Linking Teaching and Research in the Biosciences. By Heather J. Sears and Edward J. Wood (2005). Available: http://www.heacademy.ac.uk/assets/documents/subjects/bioscience/bioscience-education-5-4.pdf

This was raised as an item to explore in one of our staff meetings. We assume that our research and teaching is linked, but as the report says, “the link could be exploited more effectively for the benefit of staff and students”. Raising the profile of our research would give Biomedical Science a distinct identity and move it away from Healthcare Science.

Introduction to ethics for university undergraduate students

An introduction to ethics

Series of open educational resources openly licensed for your use (CC BY SA unless otherwise stated). This page includes:

  • Screencast part 1
  • Screencast part 2
  • PDF of slides
  • MOCK paperwork (participant information sheet, consent form and ethics checklist).

Part 1

Part 2 

Access to PDF of the slides
Introduction to research ethics SLIDES compressed Oct2013

Supplementary material

MOCK Consent Form October2013

MOCK Ethical Reviewer Form October2013

MOCK Participant Info Sheet October2013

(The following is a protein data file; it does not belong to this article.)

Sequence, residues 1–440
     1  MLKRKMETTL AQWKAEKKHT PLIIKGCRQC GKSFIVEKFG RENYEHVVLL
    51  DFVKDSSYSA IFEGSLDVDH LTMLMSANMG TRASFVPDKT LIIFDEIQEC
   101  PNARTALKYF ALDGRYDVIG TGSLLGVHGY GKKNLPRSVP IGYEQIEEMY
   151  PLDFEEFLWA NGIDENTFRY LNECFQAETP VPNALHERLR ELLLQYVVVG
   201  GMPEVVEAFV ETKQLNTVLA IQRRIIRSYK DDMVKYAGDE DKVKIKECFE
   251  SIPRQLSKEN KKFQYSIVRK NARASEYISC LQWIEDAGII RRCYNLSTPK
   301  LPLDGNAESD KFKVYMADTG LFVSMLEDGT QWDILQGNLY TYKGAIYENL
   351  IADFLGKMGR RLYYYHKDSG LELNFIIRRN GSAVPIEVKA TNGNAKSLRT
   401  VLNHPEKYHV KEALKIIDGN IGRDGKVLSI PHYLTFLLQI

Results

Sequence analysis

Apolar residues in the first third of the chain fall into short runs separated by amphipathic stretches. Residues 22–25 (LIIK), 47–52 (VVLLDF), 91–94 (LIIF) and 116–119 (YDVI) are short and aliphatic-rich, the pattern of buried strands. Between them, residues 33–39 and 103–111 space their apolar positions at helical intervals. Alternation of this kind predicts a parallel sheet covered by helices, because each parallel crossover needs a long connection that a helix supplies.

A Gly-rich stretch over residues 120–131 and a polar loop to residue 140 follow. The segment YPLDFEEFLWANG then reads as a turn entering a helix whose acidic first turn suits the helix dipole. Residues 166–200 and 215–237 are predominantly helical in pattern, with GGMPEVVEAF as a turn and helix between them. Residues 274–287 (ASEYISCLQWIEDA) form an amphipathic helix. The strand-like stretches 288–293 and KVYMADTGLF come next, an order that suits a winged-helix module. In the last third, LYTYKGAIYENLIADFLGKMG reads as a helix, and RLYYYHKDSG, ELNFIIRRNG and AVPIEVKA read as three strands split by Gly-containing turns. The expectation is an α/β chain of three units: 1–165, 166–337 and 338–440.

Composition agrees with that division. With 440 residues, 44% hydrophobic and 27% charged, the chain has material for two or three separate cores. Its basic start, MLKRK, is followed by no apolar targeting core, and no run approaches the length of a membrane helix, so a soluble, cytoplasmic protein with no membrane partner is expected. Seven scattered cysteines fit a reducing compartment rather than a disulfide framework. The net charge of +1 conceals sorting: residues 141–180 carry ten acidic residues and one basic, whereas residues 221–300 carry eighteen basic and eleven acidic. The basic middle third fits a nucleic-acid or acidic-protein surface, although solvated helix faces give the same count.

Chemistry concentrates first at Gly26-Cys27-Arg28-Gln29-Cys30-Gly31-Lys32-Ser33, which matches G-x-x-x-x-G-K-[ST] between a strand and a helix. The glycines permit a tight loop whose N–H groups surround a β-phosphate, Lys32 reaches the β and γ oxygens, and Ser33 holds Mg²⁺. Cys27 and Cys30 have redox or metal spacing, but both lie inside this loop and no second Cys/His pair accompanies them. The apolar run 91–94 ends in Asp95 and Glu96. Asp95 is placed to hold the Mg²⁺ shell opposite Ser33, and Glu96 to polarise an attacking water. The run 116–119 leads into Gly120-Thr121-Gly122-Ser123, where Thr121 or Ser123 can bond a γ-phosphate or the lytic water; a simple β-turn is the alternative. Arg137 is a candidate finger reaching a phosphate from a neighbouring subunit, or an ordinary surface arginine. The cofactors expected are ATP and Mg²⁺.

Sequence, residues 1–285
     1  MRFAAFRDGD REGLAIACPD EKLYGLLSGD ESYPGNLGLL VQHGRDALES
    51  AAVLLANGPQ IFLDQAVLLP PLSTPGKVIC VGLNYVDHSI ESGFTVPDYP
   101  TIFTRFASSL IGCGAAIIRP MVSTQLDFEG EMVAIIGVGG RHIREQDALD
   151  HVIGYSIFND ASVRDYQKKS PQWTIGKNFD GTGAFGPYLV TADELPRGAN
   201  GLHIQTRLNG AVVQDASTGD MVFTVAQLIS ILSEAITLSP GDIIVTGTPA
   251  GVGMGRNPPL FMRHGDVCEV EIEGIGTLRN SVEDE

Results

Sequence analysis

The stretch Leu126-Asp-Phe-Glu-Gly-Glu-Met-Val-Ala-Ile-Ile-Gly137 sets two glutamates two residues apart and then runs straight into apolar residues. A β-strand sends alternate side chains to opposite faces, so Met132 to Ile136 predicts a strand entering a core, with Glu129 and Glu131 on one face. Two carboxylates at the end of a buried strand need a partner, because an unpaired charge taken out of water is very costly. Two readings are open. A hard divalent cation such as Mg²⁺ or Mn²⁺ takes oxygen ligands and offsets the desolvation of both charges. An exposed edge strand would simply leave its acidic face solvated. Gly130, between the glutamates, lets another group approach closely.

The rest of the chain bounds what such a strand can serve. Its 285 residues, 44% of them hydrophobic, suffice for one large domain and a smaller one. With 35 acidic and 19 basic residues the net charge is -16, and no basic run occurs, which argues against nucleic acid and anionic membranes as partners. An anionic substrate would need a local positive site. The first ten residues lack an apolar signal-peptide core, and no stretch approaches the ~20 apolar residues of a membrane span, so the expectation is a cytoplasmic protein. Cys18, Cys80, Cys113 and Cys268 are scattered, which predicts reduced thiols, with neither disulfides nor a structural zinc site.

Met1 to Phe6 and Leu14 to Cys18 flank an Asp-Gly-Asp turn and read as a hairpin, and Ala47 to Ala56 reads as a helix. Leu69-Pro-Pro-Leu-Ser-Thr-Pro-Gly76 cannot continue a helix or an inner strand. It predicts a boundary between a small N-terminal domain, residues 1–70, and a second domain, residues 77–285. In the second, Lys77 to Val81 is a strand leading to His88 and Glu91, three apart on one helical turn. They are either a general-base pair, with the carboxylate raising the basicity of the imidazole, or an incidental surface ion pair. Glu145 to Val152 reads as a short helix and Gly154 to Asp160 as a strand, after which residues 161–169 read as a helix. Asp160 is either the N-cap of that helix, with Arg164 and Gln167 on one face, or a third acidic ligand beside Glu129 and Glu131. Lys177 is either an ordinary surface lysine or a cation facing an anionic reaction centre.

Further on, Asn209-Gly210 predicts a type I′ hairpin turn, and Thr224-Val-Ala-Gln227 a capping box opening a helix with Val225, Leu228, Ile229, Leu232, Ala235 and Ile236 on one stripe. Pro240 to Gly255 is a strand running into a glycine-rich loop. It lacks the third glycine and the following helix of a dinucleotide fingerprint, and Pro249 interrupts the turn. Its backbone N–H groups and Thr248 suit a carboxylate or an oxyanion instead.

Monday 14th October Exercise Physiology Results


Lovely to meet you today. Here are most of your class exercise physiology results. You can download the Excel spreadsheet and play around with the data yourself. Here also is a short Screencast talking you through the spreadsheet and showing you the nomogram which is used clinically to predict someone’s VO2 max. The paper by Noone and Dean (2000) talks about how this and similar exercise tests are validated, and how they are used clinically. The validity and reliability of these tests are important, as is inter observer variability. (Go look up!).

Exercise Physiology Results (click this link / right mouse click to download).

Below – screen grab talking you through the spreadsheet and nomogram. (http://www.screenr.com/r0uH)




Seek and ye shall find.


  • Any student completing coursework essays
  • Students completing research dissertations

Anybody completing more professional research, in depth studies, systematic reviews should seek the help of library services to develop their search strategy. The resources on this page are the types of things I’d teach to new students when tackling an essay for the first time at university, just to give a leg up from looking for stuff on Google.